Wednesday, July 27, 2011


This whole thing is mottled by an unnecessarily convoluted script, but within this mess the compressed lungs of a good sequel sputter and wheeze. Albert Pyun’s “Kickboxer 2: The Road Back” gets a few things right despite the odds against it. For starters, Jean-Claude Van Damme apparently had no interest in returning to one of his most popular roles. For fans of the original film the absence of JCVD is an immediate red flag, but nevertheless they make creative way around that gap by killing off Kurt Sloan to make way for a third Sloan brother. While no mention was ever made of David Sloan during the first film, this character's invention was a welcome alternative to simply passing off some other actor as Kurt. Van Damme’s surprising successor in this film comes in the form of Sasha Mitchell, best known at that point for his role as the doltish Cody Lambert on ABC’s “Step By Step.” Physically Mitchell could pass for one of Van Damme's relatives, which helps quite a bit. Beyond that, Mitchell does a surprisingly strong job of emulating some of Van Damme’s mannerisms in spite of the difference in their accents. While some will still consider Mitchell a marked trade down, one cannot help but respect the makers’ attempts to somehow keep this as closely relevant to the original movie as possible without insulting its audience. Sure, JCVD is gone, but fans of the original film will be happy to see Dennis Chan back in the role of Xian Chow. Better yet, Michel Qissi returns as one of the action cinema’s most memorable villains, Tong Po.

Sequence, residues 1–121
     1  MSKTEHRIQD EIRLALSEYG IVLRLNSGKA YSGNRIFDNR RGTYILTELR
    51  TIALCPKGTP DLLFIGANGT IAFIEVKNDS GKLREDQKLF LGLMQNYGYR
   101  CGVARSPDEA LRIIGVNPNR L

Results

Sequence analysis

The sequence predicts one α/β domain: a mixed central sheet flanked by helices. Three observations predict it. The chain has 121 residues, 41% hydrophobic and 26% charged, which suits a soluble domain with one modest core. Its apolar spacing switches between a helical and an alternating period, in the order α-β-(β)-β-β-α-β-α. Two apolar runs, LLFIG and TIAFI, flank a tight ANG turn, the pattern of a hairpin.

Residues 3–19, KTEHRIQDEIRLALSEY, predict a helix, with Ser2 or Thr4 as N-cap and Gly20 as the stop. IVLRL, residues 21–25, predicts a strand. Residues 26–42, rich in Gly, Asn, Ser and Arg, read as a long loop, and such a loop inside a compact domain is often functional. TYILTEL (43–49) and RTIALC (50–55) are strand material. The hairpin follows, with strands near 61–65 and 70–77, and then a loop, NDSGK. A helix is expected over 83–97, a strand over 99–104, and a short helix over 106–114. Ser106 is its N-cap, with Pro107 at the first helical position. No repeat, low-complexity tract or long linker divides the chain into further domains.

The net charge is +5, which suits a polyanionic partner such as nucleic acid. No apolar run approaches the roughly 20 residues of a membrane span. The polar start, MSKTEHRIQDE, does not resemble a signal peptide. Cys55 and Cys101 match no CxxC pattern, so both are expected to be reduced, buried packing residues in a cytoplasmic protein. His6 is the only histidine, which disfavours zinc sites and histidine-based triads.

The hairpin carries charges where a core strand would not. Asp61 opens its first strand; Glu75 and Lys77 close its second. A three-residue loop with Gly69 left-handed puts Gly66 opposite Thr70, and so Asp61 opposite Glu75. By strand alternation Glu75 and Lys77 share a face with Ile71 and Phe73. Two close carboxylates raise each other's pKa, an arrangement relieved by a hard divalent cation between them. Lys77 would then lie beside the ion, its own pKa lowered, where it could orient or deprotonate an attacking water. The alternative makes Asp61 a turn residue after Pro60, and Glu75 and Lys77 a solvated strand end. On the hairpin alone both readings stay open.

A cast of faces that could serve as a “who’s who” primer for bad 90s action flicks also keep this a comfortably familiar affair. Matthias Hues, whom most will fondly remember as the towering alien bootlegger from the classic “I Come In Peace,” shows up early on. Vincent Klyn, who played Fender in “Cyborg,” also turns up in a minor part as a thug staking out David Sloan. Prolific Japanese veteran actor Cary-Hiroyuki Tagawa is another welcome face despite being woefully miscast as a Thai politician. I’m pretty sure all of these guys went onto work on several more productions together. Remarkable veteran actor, John Diehl (“Angel,” “Joysticks,” “Stripes”) is sort of underused in the bullshit role of Sloan’s accountant. Legit kickboxing champion Vince Murdocco plays Sloan’s protégé Brian Wagner. Murdocco, who got his start in the sequel to the soft core Flesh Gordon comedy, went on to appear in a handful of other action B-flicks, including the phenomenal “Private Wars.” For some reason, Brian Austin Green pops up in the opening as a street tough punk in a King Diamond shirt who wants to put Sloan’s martial arts skills to the test.

The real shocker here, though, is Peter Boyle in the strangely likable role of fight promoter Justin Maciah. Here, Boyle once again proves that he is an exceptional, high caliber talent who can extract pure gold from whatever material he is given to work with, no matter how lame it might have been. A lot of great actors fall on hard times and turn up in some less than respectable movies, all in the name of the mighty paycheck, and they’ll simply go through the motions without much zeal. Boyle on the other hand is one of those rare guys who will nail a role, no matter how small scale the project is. Sadly, no one else in this film is on his level, so he routinely runs away with whatever scene he’s in and makes his co-stars look bush league by comparison.